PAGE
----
“With the State’s largest newspapers presenting such one-sided and damaging information, it forces our community to defend ourselves and our rights once again,” said Lac du Flambeau Tribal Member Darren Thompson. “With the State responding as it has, it only demonstrates the fact that when American Indian tribes exercise their sovereignty they will be dealt with – harshly. We are dealing with damage control. When you have state officials who are in positions of influence voicing their disappointment in our rights, it puts our small community in the spotlight to deal with engendered dislike for our people. The fact that this is making headlines again with our State’s officials making comments influences people who may not understand – or care about – this issue at all to dislike us as a people.”


The Lac du Flambeau Band of Lake Superior Chippewa are a federally recognized American Indian tribe with an Indian reservation lying mostly in the Town of Lac du Flambeau in south-western Vilas County, and in the Town of Sherman in south-eastern Iron County in the U.S. state of Wisconsin.




Anonymous said...

This statement should be forwarded to the Pulitzer Board. The Board should know that the Milwaukee Journal Sentinel and other Wisconsin publications have under and mis-reported the facts regarding current and developing news.

Anonymous said...

I have to admit, you have done well here. Your coverage and grasp of the mining and treaty rights issue has (IMHO, yes I realize i am not an authority) far outpaced other non-tribal sources. Unless there's something I'm unaware of, when it comes to this issue on WI blogs and news sources - you da man.
I also have to admit, that I have believed I could not get more cynical about our political processes (and the characters of folks so involved) than I already am. However, I was wrong, and I am not immune to disappointment, even now.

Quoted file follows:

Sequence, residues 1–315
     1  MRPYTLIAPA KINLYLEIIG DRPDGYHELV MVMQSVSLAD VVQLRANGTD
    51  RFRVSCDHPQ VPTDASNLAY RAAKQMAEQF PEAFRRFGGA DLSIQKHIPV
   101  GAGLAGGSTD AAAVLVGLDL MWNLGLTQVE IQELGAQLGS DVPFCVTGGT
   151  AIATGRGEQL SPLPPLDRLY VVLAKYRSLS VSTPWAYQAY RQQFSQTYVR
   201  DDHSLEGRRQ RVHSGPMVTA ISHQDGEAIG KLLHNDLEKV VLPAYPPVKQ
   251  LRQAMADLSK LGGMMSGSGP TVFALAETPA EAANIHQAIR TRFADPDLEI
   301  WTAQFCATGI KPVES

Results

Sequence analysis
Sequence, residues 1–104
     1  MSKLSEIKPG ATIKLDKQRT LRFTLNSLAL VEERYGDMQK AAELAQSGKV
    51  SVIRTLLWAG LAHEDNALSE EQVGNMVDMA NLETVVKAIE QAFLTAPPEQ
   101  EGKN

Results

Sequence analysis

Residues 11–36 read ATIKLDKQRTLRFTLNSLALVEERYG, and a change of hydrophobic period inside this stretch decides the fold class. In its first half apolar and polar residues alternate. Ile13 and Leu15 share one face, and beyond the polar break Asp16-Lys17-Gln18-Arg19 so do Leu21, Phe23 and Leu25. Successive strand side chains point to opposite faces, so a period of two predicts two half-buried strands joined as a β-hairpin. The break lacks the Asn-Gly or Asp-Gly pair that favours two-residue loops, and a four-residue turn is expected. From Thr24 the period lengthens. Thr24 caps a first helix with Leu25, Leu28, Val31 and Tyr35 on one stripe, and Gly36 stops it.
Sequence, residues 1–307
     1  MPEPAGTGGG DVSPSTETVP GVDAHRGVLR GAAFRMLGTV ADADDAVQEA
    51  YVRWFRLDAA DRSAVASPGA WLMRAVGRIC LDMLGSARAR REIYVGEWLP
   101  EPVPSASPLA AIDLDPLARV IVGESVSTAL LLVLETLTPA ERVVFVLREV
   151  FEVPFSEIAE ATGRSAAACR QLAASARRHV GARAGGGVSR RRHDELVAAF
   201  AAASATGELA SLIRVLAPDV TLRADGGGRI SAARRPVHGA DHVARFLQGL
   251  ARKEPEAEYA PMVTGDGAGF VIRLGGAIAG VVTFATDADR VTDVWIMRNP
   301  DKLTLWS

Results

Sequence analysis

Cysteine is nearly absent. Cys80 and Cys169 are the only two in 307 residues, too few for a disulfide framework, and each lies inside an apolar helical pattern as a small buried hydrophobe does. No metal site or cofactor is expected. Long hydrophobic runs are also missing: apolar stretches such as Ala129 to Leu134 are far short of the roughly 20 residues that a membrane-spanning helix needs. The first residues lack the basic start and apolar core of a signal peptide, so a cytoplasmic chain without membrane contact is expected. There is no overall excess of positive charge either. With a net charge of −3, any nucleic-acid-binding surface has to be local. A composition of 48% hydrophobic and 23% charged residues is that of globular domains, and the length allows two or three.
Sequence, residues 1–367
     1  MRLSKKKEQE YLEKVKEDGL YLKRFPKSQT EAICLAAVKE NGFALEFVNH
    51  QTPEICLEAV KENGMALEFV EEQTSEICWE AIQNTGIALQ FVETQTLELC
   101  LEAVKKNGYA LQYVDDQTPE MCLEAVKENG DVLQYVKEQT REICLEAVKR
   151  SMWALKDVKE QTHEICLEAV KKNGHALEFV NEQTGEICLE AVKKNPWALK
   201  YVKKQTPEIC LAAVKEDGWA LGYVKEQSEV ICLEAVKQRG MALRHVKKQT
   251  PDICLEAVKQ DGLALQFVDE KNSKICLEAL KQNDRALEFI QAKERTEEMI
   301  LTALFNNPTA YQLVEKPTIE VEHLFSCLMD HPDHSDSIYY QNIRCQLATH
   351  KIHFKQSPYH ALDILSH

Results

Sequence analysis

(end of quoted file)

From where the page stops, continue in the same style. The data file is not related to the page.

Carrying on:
I had HOPED that a positive side-effect of the horrible Gogebic mine issue would be that it brings attention to a MORE REALISTIC awareness the people of Northern WI in general, and perhaps induce a kind familiarity between tribes and non-conservatives/liberals/environmentalists throughout ALL of WI. We have common goals and values, we would be stronger together. This is not happening.
What seems instead to have happened as a result of the mine issue, is that the scab has been ripped off, the illusion of "healing" and "acceptance" between "whites" and native populations has been deflated. The light turned on by the mine issue has revealed the emotional cockroaches that have been running around in the dark this whole time. And some of these are angry, angry little cockroaches. Of course, that IS good, since painful truth is always better than happy delusion. Even so. Boo freakin' hoo, humans are still idiots.
Anyways - Go Tom.
Oh yeah, and Go James.

James Rowen said...

To anonymoustoxin - - Thank you, and thanks for being a reader.

hypocrisy, thy name is Rowen said...

America abhors the thought of a privileged class of citizens. The miscarriage of justice by an activist liberal judge will not stand the challenge which is approaching and sanity will eventually prevail. There is no more pathetic person on the face of this earth than those who have been indoctrinated into believing that they are due special privileges due to their heritage rather than their achievements, and there is no group today who has accomplished less.